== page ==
The entrance exams for community colleges will no longer be the lone factor determining whether or not students can enroll in credit-bearing courses. The validity of these standardized tests, named Accuplacer, have long been criticized by educational providers and students alike including Columbia University's Teachers College just recently.
Approximately 70% of students fail these placement exams each year and only 13.6% of full-time students who take the required remedial courses after failing actually earn an associate's degree in four years, which is twice the time it should take. The Board of Regents passed a law on June 20th to require a dozen colleges and the four Connecticut State Universities to use multiple indicators. These indicators can include a high-school transcript, senior portfolio, or anything else that can predict a student’s preparedness for college-level courses.
If students fail these entrance exams under the current system, many are forced to take and pay for non-credit remedial courses that may hinder their ability to graduate in the expected number of years.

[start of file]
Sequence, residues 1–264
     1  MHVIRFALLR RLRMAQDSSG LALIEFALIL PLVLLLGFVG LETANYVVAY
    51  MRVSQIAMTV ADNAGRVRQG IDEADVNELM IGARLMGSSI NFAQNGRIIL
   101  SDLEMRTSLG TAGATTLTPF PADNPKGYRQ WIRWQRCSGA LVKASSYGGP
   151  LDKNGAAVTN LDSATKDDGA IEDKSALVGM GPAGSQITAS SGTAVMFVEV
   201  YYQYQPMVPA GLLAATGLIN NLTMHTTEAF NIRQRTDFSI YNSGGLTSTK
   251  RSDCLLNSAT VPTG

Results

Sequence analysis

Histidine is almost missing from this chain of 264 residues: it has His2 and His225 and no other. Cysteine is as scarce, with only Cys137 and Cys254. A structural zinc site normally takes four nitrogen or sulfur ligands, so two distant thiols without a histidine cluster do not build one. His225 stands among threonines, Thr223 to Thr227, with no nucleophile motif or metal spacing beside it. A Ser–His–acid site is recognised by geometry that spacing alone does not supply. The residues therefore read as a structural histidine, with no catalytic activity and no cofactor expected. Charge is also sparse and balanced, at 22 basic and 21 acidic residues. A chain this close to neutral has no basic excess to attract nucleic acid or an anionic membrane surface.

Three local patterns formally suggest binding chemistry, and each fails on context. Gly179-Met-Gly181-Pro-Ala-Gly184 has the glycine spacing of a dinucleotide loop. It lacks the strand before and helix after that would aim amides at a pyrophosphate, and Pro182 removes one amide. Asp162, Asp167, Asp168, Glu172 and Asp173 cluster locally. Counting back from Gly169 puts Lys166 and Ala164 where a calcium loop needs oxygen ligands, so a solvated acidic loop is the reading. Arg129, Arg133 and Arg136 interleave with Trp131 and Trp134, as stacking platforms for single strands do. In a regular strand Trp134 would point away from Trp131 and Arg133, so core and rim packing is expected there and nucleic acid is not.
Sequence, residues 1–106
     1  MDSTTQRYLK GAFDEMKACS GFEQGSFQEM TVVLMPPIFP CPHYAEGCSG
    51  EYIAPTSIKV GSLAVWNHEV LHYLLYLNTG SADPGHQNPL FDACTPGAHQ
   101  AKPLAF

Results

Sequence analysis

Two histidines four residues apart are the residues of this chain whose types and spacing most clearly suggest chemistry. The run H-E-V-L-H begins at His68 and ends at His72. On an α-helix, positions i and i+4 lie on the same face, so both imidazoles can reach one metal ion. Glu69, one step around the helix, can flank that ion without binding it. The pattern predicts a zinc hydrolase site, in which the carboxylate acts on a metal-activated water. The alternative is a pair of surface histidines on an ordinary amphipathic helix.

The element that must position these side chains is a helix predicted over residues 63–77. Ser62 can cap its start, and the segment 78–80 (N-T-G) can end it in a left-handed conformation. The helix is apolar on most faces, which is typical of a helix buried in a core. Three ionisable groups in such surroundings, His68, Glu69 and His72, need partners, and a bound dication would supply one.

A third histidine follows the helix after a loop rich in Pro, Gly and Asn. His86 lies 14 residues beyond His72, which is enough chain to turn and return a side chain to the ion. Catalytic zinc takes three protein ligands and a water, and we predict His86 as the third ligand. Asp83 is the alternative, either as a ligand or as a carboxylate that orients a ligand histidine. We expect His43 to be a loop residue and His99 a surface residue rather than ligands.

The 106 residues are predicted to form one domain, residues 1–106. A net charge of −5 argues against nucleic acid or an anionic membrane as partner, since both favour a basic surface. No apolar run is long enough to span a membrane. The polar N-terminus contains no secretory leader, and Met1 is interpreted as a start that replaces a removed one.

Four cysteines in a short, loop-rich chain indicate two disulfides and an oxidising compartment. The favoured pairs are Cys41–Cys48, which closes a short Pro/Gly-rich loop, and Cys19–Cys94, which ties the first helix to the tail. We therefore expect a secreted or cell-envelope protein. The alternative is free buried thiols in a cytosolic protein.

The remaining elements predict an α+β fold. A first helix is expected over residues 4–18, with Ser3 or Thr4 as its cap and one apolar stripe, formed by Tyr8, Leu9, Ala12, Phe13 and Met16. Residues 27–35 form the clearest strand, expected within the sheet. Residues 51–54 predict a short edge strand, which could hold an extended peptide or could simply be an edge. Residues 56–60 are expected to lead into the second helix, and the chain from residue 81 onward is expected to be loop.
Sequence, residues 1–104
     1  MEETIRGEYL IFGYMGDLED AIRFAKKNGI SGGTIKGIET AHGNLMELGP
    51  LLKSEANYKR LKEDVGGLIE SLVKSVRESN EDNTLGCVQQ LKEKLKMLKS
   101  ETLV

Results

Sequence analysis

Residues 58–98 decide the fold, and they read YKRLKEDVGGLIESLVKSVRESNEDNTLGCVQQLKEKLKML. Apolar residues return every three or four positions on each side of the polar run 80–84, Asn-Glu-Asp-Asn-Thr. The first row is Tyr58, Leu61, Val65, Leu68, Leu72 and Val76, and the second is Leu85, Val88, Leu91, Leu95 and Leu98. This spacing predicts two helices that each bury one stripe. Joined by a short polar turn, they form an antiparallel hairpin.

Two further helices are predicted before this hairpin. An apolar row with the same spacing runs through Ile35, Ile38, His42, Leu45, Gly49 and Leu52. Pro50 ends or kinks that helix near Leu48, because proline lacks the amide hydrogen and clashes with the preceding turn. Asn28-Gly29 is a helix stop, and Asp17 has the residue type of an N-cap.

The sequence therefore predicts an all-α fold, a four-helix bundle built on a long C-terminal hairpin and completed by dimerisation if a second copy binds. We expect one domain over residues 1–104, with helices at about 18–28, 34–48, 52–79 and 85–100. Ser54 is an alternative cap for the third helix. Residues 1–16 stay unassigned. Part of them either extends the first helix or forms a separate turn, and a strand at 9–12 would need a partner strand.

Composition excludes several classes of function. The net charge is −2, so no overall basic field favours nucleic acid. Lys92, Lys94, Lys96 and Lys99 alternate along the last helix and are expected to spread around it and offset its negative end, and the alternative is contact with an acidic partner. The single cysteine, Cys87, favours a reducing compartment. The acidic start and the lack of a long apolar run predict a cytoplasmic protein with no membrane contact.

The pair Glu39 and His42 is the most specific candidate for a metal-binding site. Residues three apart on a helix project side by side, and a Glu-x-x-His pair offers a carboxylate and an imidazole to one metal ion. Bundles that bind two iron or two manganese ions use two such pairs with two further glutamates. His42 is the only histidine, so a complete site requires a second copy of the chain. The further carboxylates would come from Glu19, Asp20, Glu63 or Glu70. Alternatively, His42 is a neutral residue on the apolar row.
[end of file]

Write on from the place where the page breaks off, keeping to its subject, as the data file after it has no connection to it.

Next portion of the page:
This policy change is only one of many steps that must be taken in the next 15 months to improve Connecticut’s higher education system.
The law passed in 2012 also limits remedial enrollment to one semester beginning in the fall of 2014. However, many believe that students will then begin to fail introductory courses they are not ready for.
The current plan, which has not yet been finalized, would allow fewer students to take one semester of remedial non-credit courses before being allowed to take college-level courses. The flow of students that would then be able to take credit-bearing courses will need an updated support system that may include small class sizes, tutors, and computer-assisted technology. A draft budget has shown that it could cost $8.9 million a year to decrease class sizes, $2.9 million to hire tutors and counselors, and $1.6 for intensive technology.